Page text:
Sisulu in aviation court row

Sunday Independent


The Defence establishment failed this week to meet a court date to explain its seemingly bizarre actions in negotiating two separate and mutually exclusive tenders for the same VIP air transport contract at the same time.

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Minister of Defence Lindiwe Sisulu takes part in the political education classes for the ANCYL at the  Ingwenya  Country Escape in Muldersdrift. Julius Malema was present. 130510. 
Picture: Chris Collingridge  
Political Bureau 
In one of the most serious tests for President Jacob Zuma’s cabinet yet, it will have to either cancel a R47 billion freight aircraft transaction gone wrong within the next month, or pay the price of a potential arms deal scandal Part 2. 
Armscor chief executive Sipho Thomo admitted to shocked MPs yesterday that the cost of acquiring eight A400M Airbus heavy-lift planes had rocketed from an already steep R17bn in 2006 to a whopping “estimated” R47bn. 
Parliament’s committee on defence yesterday grilled Armscor and acting secretary of defence Tsepe Motumi about their annual reports. 
The Department of Defence received its 10th consecutive qualified audit report from the auditor-general, who noted that the government could have blown R2.9bn in an irregular tendering process on the Airbus planes. The escalating cost of the eight planes came to light as MPs questioned Thomo about the R2.9bn paid out of the secret Special Defence Account. 
Armscor has already admitted that there were no tendering processes and that the decision to buy the planes was made by the cabinet, after which it requested the state arms acquisition company to handle the process. Former defence minister Mosiuoa Lekota announced the decision in 2005, and the deal was concluded in 2006. 
The aircraft, a new model that is yet to take to the skies, is a joint project between France’s Airbus and the European Aeronautic Defence and Space Company (Eads), with participation from British Aerospace (BAe), French armament electronics company Thales and South African aerospace companies Aerosud and Denel Saab Aerostructures.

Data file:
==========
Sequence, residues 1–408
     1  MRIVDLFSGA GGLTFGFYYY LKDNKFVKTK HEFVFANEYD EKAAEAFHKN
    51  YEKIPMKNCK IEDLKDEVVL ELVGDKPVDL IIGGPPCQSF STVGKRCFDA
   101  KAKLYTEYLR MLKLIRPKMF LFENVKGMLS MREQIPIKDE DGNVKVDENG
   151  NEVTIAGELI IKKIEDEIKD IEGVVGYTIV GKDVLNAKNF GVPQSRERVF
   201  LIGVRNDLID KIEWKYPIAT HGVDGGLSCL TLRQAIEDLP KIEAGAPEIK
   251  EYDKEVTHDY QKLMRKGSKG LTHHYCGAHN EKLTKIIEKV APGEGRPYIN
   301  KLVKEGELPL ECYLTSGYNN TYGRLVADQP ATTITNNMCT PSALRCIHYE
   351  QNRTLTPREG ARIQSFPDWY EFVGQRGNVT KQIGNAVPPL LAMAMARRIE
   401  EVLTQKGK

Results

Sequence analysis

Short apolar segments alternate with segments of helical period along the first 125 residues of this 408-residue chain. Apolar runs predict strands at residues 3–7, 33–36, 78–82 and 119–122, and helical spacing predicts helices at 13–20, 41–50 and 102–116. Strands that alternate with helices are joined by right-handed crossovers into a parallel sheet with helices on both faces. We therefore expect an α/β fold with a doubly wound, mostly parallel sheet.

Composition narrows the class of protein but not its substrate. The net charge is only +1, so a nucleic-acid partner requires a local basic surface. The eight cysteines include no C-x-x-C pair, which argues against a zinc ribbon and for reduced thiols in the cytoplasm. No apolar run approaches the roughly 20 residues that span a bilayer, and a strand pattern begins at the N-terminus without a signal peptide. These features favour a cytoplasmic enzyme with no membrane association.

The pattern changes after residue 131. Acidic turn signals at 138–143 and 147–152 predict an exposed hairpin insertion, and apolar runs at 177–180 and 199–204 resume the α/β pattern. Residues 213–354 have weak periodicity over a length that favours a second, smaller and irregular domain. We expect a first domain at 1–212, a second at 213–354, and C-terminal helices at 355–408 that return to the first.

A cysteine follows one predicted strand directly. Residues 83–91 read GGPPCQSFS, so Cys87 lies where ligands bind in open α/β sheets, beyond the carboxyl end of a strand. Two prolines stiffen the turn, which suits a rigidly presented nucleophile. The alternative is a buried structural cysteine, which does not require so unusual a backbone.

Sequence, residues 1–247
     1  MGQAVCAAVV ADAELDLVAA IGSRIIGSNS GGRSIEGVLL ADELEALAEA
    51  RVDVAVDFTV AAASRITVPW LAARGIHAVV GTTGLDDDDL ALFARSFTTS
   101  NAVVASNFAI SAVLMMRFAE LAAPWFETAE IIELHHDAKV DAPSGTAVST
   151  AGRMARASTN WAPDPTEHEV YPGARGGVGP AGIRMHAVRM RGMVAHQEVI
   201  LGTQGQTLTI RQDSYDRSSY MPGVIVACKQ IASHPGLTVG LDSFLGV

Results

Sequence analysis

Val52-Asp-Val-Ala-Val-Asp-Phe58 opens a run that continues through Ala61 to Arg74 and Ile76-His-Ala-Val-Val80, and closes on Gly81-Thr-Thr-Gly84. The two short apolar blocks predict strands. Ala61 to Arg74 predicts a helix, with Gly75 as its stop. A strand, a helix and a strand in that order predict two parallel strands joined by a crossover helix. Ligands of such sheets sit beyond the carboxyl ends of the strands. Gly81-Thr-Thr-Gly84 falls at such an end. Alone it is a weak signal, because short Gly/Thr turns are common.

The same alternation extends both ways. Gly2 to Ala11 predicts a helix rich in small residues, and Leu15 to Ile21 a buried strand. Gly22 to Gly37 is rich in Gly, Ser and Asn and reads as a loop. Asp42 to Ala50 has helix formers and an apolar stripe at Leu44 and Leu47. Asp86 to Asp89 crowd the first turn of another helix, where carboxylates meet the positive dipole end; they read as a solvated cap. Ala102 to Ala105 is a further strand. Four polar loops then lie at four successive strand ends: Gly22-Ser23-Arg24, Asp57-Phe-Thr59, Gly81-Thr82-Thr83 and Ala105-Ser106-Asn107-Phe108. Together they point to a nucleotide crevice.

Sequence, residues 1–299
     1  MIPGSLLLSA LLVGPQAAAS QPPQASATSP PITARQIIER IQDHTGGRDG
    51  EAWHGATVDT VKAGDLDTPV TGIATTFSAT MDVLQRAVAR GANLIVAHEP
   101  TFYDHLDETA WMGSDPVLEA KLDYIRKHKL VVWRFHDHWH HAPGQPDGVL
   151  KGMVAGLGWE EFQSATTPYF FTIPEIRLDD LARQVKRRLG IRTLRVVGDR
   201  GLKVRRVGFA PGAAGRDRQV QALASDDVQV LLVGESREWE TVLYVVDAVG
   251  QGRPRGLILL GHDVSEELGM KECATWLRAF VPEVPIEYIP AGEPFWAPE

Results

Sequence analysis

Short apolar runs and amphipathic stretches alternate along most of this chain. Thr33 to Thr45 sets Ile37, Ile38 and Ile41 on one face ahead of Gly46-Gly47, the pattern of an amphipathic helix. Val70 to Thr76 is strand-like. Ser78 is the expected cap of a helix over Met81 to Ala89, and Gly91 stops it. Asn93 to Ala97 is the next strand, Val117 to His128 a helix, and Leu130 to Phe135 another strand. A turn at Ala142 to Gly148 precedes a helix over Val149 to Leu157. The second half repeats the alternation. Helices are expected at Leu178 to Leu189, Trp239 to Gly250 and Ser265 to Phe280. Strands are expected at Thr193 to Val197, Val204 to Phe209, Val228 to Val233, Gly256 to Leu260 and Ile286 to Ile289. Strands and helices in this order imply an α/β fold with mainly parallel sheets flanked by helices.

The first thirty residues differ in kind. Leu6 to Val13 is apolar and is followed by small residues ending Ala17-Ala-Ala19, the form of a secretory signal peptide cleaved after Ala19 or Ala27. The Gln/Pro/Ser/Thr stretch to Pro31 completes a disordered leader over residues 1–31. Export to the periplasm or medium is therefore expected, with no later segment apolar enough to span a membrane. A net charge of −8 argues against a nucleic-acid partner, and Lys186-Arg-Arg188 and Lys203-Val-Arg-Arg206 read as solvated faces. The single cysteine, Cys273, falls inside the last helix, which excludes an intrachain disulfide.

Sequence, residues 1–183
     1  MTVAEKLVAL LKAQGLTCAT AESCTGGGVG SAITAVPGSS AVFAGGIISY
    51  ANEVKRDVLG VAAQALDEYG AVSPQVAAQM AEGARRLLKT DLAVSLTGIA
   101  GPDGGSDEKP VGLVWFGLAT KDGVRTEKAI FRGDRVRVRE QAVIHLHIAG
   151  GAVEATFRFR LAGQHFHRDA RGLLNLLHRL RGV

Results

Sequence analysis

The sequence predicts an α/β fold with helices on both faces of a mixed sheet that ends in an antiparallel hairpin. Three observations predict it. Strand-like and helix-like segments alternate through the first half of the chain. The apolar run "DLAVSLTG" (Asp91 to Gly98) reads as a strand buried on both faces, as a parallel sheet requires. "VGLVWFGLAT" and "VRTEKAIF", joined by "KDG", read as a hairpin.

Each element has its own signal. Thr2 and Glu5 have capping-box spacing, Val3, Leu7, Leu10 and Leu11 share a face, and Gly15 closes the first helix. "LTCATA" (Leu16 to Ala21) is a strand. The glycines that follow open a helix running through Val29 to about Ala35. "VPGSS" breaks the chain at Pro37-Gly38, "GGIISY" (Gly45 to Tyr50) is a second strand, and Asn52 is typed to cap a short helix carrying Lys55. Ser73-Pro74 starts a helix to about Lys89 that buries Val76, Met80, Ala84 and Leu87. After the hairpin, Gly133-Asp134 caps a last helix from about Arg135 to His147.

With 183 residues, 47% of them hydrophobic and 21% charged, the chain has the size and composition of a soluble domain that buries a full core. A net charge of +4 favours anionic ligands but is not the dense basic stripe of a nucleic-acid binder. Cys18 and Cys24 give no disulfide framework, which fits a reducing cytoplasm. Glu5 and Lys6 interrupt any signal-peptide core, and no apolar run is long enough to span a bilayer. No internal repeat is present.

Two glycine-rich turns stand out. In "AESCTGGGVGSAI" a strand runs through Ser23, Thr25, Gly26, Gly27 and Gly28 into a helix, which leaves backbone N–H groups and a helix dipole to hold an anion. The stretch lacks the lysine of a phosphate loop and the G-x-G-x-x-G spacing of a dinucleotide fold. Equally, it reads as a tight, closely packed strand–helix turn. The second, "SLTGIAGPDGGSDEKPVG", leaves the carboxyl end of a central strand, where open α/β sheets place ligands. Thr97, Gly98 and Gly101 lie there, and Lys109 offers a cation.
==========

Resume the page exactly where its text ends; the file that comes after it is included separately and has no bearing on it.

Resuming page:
Eads, Thales and BAe were beneficiaries of South Africa’s Strategic Defence Procurement Package. The package has cost taxpayers at least R60bn, in what is now known as the arms deal. 
Thomo told the committee yesterday that the government had withheld a further R1.1bn payment for the aircraft – in addition to the R2.9bn – after Airbus told Armscor last week about the price escalation and that the planes were four years behind schedule. They will be delivered in 2016, 10 years after the order. 
Thomo said the cabinet had a one-month window period to cancel the order. 
Armscor and the Defence Department delegation would not answer detailed questions about the fiasco, saying they still needed to brief Defence Minister Lindiwe Sisulu. “Some of the questions are sensitive and we are not at liberty to discuss (it) in an open forum,” Thomo said. 
He said the cabinet could still terminate the contracts. “Our concern is that we don’t have time – that decision needs to be made by the end of October.”